The film is filled with Hitchockian twists and turns and a surprise ending worthy of the suspense master (think the cymbals of The Man Who Knew Too Much climax, but with a bigger bang). I am still pleased that I hadn't figured it out, but it all makes sense and works.

The Moviegoer: Getting Paul Home

I was primed to see Paul as I rewatched Hot Fuzz on television. I have enjoyed the work of Simon Pegg and Nick Frost since their movie Shaun of the Dead. Their wacky sense of humor meshes with mine and after seeing them deal with murder mysteries (Fuzz) and zombies (Shaun), I was anxious to see them take on aliens and Roswell. (Am I just imaging Pegg and Frost the modern-day descendents of Abbot and Costello?)

The film didn't let me down. Well written, with strong characters and lots of inside jokes for the sci-fi and comic book geeks, the film does several homages to works such as Speilberg's E.T. and Close Encounters. The acting is fun and whether you understand all the inside jokes, you'll enjoy the ride.

We react to Paul with much the same empathy I remember for E.T. While the character is broad, we root for him to be able to get home. A fun exercise would be to see the two Speilberg films before you go and read up on the latest Comi-Con activities.

One of my friends on Facebook wrote, "I saw it with my mother and we laughed all the way through it."

The Moviegoer: Limitless

Within the last week, I have spent time doing what I love to do--going to movies. I talked in the last entry about Jane Eyre. Since then I have seen four more films, all of which were good entertainment and which I  can recommend highly.


I have been a fan of Bradley Cooper's for what seems a long time, actually since his work in Sex and the City. One my favorite moments in The Hangover was at the end where he carries his son around asleep on his shoulder--a moment so true to the character that it touched me deeply.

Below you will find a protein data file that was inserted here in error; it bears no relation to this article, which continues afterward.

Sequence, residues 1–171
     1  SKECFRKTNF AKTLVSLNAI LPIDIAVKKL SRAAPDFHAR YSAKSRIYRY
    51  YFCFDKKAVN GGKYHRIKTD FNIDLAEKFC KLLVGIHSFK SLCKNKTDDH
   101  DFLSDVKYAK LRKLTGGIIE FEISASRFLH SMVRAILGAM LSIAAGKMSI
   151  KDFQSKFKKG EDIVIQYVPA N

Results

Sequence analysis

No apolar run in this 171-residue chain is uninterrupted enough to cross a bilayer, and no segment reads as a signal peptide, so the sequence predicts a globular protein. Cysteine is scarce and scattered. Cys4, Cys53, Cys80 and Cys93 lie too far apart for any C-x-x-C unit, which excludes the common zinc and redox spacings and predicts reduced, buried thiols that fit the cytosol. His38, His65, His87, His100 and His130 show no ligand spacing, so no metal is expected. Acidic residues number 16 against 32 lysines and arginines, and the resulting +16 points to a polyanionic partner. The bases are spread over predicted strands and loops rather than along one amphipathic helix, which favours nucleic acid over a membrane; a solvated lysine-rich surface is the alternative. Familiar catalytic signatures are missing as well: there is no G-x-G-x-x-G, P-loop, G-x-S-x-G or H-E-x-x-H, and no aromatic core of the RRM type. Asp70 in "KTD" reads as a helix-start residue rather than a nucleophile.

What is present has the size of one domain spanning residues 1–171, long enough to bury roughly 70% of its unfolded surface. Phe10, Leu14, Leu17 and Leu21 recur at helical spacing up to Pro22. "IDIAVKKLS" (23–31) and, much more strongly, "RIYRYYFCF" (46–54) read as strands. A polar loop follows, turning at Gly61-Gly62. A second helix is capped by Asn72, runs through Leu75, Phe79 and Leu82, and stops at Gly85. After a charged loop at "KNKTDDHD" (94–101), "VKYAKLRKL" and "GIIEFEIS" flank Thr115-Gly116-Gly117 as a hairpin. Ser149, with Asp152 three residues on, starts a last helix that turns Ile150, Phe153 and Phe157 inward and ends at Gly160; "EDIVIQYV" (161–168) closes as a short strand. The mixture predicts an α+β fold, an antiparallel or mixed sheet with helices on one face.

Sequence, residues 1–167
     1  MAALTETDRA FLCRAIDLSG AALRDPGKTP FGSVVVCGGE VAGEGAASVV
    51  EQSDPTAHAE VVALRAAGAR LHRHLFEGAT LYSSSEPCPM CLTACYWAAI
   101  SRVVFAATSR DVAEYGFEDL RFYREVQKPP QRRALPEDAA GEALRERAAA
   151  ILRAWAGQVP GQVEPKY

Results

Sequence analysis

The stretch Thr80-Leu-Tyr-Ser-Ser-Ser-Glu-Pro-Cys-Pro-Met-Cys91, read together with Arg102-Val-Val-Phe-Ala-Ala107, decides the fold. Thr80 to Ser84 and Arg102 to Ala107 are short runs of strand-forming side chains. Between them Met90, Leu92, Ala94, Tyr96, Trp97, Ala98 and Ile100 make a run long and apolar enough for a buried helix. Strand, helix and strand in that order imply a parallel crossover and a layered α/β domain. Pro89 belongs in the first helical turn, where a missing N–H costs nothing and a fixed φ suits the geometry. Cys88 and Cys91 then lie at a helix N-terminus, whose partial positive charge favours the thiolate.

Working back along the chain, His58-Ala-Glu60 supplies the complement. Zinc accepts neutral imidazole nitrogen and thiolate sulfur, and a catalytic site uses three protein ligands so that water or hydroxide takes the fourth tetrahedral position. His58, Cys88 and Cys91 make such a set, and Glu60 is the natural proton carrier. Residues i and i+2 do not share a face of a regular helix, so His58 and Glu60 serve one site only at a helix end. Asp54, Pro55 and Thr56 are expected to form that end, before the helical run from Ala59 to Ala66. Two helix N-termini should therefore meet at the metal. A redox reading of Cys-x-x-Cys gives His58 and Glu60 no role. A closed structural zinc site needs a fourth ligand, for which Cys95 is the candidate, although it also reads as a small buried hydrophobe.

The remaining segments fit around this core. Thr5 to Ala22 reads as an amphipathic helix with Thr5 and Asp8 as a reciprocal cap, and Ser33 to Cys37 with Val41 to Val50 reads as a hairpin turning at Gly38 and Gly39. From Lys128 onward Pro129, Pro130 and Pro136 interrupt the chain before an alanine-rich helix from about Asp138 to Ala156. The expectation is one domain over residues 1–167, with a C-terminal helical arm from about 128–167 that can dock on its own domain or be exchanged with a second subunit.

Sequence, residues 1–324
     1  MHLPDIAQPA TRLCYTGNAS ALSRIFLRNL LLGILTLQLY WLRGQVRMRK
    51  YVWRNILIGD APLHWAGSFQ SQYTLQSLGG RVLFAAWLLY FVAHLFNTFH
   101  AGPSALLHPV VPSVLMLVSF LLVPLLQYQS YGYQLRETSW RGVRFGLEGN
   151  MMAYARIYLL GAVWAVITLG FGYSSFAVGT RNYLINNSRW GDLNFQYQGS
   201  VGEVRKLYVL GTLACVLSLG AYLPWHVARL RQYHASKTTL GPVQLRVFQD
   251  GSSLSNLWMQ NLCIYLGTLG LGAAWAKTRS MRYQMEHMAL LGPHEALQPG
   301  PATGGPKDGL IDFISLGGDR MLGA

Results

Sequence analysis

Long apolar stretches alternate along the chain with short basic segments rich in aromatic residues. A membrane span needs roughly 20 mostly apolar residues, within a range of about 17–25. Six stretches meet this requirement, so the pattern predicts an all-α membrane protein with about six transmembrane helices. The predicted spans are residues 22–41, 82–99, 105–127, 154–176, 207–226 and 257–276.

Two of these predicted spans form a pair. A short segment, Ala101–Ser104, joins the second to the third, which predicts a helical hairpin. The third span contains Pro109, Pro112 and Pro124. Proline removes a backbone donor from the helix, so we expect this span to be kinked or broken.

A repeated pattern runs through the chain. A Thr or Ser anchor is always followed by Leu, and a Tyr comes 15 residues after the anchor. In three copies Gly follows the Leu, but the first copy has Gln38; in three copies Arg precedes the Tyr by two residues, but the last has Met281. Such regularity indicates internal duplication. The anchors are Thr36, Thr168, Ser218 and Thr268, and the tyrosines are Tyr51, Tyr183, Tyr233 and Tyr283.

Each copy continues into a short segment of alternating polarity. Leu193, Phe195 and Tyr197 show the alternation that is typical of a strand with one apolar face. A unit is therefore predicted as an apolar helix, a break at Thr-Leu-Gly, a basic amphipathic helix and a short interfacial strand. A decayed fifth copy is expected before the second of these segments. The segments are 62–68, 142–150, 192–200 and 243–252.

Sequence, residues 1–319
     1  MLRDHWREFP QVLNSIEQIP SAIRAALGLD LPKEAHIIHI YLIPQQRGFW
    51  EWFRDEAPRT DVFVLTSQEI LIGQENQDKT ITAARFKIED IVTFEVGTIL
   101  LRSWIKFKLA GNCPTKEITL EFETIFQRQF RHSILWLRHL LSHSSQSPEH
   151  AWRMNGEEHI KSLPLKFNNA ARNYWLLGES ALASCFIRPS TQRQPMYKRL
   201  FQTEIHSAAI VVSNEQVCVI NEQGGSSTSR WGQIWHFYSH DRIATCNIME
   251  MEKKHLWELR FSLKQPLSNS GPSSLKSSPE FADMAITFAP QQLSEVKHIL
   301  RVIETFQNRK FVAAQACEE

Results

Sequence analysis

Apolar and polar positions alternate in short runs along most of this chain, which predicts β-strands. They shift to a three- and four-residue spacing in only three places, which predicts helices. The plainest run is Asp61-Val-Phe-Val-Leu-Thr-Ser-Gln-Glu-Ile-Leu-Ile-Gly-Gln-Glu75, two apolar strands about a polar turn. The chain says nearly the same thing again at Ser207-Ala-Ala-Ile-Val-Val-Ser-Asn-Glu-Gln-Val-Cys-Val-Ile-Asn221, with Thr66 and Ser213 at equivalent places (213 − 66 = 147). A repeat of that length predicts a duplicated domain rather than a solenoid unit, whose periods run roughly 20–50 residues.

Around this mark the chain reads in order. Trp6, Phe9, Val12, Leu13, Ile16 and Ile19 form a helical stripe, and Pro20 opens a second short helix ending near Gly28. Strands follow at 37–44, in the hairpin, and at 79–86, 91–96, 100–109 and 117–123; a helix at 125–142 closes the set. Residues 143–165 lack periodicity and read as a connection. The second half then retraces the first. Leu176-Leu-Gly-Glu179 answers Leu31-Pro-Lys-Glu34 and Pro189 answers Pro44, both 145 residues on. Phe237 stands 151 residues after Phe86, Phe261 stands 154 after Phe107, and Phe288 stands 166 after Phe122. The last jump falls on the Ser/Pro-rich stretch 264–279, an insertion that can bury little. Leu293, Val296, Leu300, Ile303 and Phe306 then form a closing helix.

In Limitless, Cooper's character is an unfocussed writer whose messy apartment is meant to be the externalization of his inability to do anything with his life. Through a series of events, he takes a drug which allows him to use 100 per cent of his brain. From the moment he takes it, we know he won't be able to stop. Abruptly the loser becomes a winner, able to see the squalor he lives in and able to organize it all. He no longer has writer's block. He suddenly can understand art and teaches himself to play the piano. He suddenly sees how to turn a small amount of money into millions.

All goes well until he notices that someone is following him--he  knows for the drug--and he begins a downward spiral as he stops taking the drug. What happens next is riveting, with exciting twists and turns. Robert DeNiro shows up and offers appropriate menace.

The film has several innovative techniques that I will not detail, but  expect to be dazzled in places.

Friday, March 18, 2011

The Moviegoer: A New Jane

Talbot's The Fruit Sellers, ca 1845, from Wikipedia Commons.
 William Henry Fox Talbot [a contemporary of Louis Daguerre, inventor of the daguerreotype] left a legacy of fascinating of English photographs called calotypes, a process he patented in 1841. The unique look of Talbot's work was obviously the inspiration for the 2011 BBC film version of Jane Eyre, starring Mia Wasikowska and Michael Fassbender.

I have to admit, I've fallen a bit in love with Miss Wasikowska, who is indeed an 1840s beauty. Thin and brooding, she conveys not only Jane's strength but also her passion. When Rochester asks her about her sad story, we know the depth of her refusal to share her secrets with him. Fassbender, the Romantic and mysterious Rochester makes a great match for Jane. It is great pleasure also to see Dame Judi Dench as the housekeeper.

I have seen countless film versions of the book, this version with its marvelous sense of period and look, totally enchanted me. I can't wait to see it again.

Articles on the film: